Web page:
Lime will invest more than US$3 million ($4.5m) to educate riders and non-riders on electric scooter safety as part of its "Respect the Ride" campaign.
The US transportation giant, which launched its e-scooters in Auckland and Christchurch last month, has come under criticism from some people regarding incidents of unsafe use by riders.
Toby Sun, CEO and co-founder of Lime, said the company was committed to public safety and education.
"As part of our continued commitment to public safety and education, Lime is investing over US$3m to help empower people across the world to ride responsibly," Sun said.
"The Respect The Ride campaign utilises a multi-pronged approach to rider education, equipping our community with the resources necessary to make each smart mobility trip a safe and enjoyable experience."
There are four key components to the "Respect the Ride" campaign:
• "Respect the Ride" movement will include an ad campaign, community outreach ambassador programme, community pledge for riders to commit to safe-riding standards and helmet distribution (250,000 helmets to be distributed over the coming months, with free helmets for the first 25K users and advocates who pledge their support).
• Safety Summit for Shared Mobility will be the first ever micro-mobility summit, hosted by Lime, that's dedicated to industry safety. Summit to include key stakeholders and officials to discuss topics such as safety, transportation and policy engagement.
• Dedicated Trust & Safety Team
• Product enhancements include in-app and on-vehicle safety features to address and promote safe riding.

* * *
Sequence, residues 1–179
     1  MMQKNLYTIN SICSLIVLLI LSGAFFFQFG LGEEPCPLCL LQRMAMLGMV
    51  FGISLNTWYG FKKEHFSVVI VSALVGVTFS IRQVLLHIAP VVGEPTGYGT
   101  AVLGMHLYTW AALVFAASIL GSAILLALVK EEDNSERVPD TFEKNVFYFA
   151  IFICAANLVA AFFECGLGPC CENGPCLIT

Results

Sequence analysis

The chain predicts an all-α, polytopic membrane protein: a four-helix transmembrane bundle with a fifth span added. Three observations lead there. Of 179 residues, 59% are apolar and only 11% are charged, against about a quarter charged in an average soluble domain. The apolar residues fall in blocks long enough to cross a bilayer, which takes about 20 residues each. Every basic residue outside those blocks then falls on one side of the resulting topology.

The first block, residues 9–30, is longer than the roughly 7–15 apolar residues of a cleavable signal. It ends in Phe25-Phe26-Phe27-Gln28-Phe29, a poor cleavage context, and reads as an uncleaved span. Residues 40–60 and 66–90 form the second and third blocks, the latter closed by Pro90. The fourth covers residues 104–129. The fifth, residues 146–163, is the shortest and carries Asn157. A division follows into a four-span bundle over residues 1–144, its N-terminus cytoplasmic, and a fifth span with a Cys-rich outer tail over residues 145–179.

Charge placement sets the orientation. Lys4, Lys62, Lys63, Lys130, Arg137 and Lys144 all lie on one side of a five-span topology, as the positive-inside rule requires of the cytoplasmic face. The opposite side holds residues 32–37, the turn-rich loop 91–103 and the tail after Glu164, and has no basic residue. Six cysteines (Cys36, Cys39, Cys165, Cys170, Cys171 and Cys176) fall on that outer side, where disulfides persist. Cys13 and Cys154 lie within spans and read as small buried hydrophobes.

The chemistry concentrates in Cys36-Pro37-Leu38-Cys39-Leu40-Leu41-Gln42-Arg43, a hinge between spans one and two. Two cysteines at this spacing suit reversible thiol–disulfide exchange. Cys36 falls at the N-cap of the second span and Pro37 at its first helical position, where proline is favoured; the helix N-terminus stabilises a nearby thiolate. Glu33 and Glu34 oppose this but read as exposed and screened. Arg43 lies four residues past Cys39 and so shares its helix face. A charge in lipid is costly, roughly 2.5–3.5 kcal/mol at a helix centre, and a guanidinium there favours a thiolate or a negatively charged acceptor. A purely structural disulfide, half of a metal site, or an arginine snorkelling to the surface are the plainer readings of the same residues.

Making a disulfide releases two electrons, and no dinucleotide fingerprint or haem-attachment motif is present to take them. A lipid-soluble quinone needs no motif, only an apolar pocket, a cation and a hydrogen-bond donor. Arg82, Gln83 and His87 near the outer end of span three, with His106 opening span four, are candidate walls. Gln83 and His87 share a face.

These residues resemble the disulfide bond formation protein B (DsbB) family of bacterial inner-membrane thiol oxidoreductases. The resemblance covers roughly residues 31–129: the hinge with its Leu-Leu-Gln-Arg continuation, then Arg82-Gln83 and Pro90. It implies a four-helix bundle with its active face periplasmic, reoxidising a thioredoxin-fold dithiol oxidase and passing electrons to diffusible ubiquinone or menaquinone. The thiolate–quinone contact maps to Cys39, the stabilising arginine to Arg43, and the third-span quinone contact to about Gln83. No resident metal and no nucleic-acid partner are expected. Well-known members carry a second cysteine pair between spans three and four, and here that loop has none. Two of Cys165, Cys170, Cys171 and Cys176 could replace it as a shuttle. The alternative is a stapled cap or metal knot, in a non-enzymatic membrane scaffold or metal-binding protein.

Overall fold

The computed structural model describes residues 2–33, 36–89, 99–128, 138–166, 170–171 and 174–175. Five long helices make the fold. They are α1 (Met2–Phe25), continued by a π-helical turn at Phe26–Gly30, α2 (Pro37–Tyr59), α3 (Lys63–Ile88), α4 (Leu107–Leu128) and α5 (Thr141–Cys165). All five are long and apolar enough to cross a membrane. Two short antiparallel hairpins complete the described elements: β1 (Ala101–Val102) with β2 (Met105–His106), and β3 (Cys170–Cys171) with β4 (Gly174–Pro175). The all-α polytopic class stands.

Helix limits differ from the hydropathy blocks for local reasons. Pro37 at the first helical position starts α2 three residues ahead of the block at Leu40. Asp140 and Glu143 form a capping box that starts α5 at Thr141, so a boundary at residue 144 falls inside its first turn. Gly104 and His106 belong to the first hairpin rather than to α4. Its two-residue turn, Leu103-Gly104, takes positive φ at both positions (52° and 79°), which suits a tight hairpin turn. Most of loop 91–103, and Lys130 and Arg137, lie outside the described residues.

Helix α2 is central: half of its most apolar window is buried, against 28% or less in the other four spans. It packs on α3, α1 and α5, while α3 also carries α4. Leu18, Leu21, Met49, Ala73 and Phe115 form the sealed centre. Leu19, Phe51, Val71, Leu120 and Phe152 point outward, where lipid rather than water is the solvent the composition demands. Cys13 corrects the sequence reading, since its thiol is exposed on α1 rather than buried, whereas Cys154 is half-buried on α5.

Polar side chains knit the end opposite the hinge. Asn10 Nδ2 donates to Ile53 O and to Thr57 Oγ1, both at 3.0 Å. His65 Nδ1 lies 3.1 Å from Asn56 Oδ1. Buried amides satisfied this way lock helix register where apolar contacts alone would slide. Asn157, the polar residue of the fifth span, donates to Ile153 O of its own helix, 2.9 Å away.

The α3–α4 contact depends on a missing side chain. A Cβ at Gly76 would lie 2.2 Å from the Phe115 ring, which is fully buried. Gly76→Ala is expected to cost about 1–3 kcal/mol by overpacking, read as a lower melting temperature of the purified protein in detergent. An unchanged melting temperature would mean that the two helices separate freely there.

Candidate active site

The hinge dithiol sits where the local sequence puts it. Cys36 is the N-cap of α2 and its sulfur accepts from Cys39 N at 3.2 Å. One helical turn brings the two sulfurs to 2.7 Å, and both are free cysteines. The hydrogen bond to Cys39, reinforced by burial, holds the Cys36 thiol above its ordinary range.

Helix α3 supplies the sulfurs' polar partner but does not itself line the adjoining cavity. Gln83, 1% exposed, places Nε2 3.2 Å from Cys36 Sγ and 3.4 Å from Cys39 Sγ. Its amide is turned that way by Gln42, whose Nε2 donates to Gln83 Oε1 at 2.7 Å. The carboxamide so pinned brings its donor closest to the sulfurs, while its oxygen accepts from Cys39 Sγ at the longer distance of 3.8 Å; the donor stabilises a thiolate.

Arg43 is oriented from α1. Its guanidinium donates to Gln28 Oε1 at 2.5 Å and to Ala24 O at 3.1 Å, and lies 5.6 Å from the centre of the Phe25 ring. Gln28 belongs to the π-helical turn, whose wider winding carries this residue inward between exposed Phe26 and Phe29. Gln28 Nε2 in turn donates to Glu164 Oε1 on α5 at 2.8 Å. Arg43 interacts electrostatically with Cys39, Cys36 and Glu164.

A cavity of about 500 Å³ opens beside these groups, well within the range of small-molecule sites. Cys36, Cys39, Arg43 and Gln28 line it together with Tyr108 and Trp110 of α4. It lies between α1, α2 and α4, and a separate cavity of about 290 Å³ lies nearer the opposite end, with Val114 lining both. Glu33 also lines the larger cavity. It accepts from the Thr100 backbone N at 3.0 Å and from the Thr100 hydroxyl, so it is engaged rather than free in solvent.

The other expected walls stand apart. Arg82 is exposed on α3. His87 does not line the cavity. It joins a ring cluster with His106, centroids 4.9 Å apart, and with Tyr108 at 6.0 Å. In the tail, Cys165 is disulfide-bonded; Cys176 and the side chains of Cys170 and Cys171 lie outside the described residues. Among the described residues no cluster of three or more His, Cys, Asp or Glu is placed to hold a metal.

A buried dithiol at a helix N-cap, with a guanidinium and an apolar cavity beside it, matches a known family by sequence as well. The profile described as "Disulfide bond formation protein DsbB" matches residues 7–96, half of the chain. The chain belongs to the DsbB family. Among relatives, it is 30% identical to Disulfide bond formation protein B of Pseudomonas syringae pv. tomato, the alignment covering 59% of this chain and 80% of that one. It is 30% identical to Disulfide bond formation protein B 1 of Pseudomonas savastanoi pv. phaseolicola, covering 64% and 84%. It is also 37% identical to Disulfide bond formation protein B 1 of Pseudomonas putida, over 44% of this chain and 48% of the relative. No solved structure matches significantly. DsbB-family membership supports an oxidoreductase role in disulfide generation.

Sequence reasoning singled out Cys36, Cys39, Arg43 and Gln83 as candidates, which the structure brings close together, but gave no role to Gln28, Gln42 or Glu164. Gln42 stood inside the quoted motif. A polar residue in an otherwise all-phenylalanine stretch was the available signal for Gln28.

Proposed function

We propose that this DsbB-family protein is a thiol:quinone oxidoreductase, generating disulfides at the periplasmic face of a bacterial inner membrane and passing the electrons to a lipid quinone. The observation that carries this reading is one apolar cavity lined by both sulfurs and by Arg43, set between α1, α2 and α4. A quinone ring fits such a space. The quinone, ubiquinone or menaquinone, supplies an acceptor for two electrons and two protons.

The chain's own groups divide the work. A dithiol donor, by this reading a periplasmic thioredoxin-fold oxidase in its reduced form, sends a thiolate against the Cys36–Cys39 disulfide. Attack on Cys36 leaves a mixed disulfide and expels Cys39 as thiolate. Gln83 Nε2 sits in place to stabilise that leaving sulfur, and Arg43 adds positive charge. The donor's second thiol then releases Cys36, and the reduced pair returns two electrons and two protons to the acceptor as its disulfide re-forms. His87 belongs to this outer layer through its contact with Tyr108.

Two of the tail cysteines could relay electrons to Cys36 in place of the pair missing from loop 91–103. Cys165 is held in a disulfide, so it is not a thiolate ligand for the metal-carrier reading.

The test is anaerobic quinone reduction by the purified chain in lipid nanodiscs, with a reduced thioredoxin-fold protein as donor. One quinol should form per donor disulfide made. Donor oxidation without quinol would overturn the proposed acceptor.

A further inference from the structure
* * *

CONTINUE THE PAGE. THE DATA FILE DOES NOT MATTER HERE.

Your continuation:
• State policy advocacy to encourage greater education around safe driving and micro-mobility awareness.
"Lime will be running a multi-channel local advertising campaign in conjunction with Respect The Ride. This will include digital and outdoor advertisements reminding riders to wear helmets, abide by local laws, park responsibly and stay aware of their surroundings when riding," Sun said.
600 scooters have been distributed across Auckland and 400 in Christchurch as Lime looks to push into the New Zealand market.
There will be a review in three months to establish whether more are needed in these cities as well as possible expansion into other areas.
According to a lawsuit in the United States targeting e-scooter companies, including Lime, two plaintiffs have been injured by tripping over discarded scooters left on the sidewalk, four have been rammed into from behind while walking, and a 7-year-old boy suffered severe damage to eight of his front teeth.
Lime currently operates in more than 100 cities across 12 countries, including 19 cities outside the United States.